Review Summary: A debut that impressively crowns the sound of well executed folk-R&B.
There’s no doubt now that crossover genres are quickly becoming established genres in themselves, as we get further and further into the decade. Deafheaven are already three records into their death-metal post-rock expose, while bands like Turnover and Title Fight are blending their punk roots with shoe-gaze elaborations. Still, some would find it difficult to throw away genre distinctions even in an age of genre-saturation and a still
-innovative Radiohead. Nor will it provide an end for heated arguments about any band’s ‘default’ genre, considering the idea of genre being a starting point for a way an artist might want to market themselves. However, genres can never be approached as pure, rigid barriers anymore, even with staple genres such as folk and R&B. It’s in this context RY X enters, the latest in a line of broad-rimmed hatted folk singers dabbling with R&B’s reverbed expanses.
is a calculated debut – it’s a glossy, well-produced project that doesn’t break a sweat in establishing a striking sound. Trading in the pop-balladry and his last name for an ‘X,’ Cuming deliberately narrows the borders between high-fidelity production and loosely strung folk songs. While composer Ry Cuming has no qualms about stylistically borrowing from songwriters of the same ilk, most of the songs here do follow a similar pattern, cascading in with an emphatic gusto for soft crooning over decorative percussion and sprawling ambient arrangements. It makes for a fairly even listen; songs are strung together by minimal acoustic passages and return often to the delicate falsetto that is perhaps most distinct of Cuming’s sound.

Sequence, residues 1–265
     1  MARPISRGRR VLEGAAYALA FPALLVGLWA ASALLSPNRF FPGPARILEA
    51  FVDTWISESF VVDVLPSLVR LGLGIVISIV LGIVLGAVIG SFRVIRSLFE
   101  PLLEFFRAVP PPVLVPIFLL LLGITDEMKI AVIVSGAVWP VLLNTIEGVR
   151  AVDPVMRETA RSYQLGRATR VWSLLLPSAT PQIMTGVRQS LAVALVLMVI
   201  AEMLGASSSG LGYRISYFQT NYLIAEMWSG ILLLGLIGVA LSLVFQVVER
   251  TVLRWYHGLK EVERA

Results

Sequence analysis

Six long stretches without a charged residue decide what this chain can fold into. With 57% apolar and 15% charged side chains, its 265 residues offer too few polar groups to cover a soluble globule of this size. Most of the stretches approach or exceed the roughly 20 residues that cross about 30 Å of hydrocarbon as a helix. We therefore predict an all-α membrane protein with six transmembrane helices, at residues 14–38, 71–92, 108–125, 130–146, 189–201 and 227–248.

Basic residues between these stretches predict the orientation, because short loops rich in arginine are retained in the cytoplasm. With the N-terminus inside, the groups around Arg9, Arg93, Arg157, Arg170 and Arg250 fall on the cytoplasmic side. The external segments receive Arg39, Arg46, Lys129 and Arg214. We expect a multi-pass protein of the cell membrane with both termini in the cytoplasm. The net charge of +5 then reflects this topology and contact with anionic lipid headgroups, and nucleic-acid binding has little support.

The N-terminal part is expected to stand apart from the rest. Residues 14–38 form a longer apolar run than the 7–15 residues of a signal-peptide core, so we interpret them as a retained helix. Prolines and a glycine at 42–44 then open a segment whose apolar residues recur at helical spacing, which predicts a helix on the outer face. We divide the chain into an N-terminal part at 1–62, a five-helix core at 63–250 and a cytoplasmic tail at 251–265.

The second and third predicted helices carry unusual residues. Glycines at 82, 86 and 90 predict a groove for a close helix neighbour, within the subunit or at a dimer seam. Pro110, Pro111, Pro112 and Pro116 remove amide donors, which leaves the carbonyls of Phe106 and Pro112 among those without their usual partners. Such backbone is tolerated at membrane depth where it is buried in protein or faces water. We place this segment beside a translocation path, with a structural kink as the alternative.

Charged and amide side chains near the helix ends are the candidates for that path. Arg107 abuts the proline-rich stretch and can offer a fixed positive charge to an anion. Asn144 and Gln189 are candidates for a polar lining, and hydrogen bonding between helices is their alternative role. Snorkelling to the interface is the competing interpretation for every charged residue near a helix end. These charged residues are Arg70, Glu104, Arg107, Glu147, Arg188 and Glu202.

Lyrics hold particular weight within this record, considering the sparsely distributed sonic background and the foreground casting of Ry Cuming’s voice. Its success is in its particular attention to bringing poetry to a musical setting, with just enough transparency (“I was only falling in love”) for audiences to take solace in. Lyrically, Cuming plays companion to the record’s obvious cinematic reachings:
Under the shadow
Chemical Ashes Fall
Lips to my Veins.
Elsewhere he ponies up deliberate reflections on love and it’s idiosyncratic trappings. “Haste” paints a charming version of romantic frustration, Cuming pleading, "take it all if you feed me now / but you’re asking me to wait?” “Beacon” idyllically reiterates the bodily urgency for pleasure - “hold onto your wine / beacon of a god divine / leads in your thighs / bleeds into my hearts design.” While “Deliverance” continues the theme with anecdotal insistence - “we didn’t have before what might have got us stung / tonight we roll, we lock, we lunge.”
It’s easy to forget the records folk origins – these songs are after all built upon fickle strums and plucked acoustics. However the production on these tracks is considerable arresting. Reverb isn’t an easy thing to master, from a sonic point of view – too little of it and it sounds empty, too much of it and it sounds messy. Here it’s balanced beautifully - there are snare and tom reflections, Cuming’s voice has considerable ‘verbed tails and there appear orchestral drones that do nothing but amplify the stereo field dramatically. Impressively, none of these take up more space than they need to, while adding up to a substantially filled out sound. In essence, it’s a gorgeous representation of where 2016’s sonic possibilities lie. Case in point is the incredible closer, "Lean," which comes close to overshadowing the entirety of the rest of the record. Here, Cuming doesn’t use his voice to break into a climatic crescendo; no, the music already does that for him, its drum fills and scorched guitar flashes building a gorgeous rift of sound. Cuming doesn’t need to add much to the mix than mutter “to come back,” atop oscillating choral arrangements and that bring to mind Foal’s Spanish Sahara. It’s a fitting conclusion to a consistent sound.
’s bare-threaded approach might not be an aesthetic for fans of more busy sounding genres. Cuming’s voice maybe perhaps a little too fragile, or the simple, steady kick groove might not be enough for listeners to sink their teeth into. However, Dawn
’s successful marriage of folk and R&B does deserve some sort of recognition, however much one could want to simply ascribe it to alt-radio stations and/or tumblr demographics.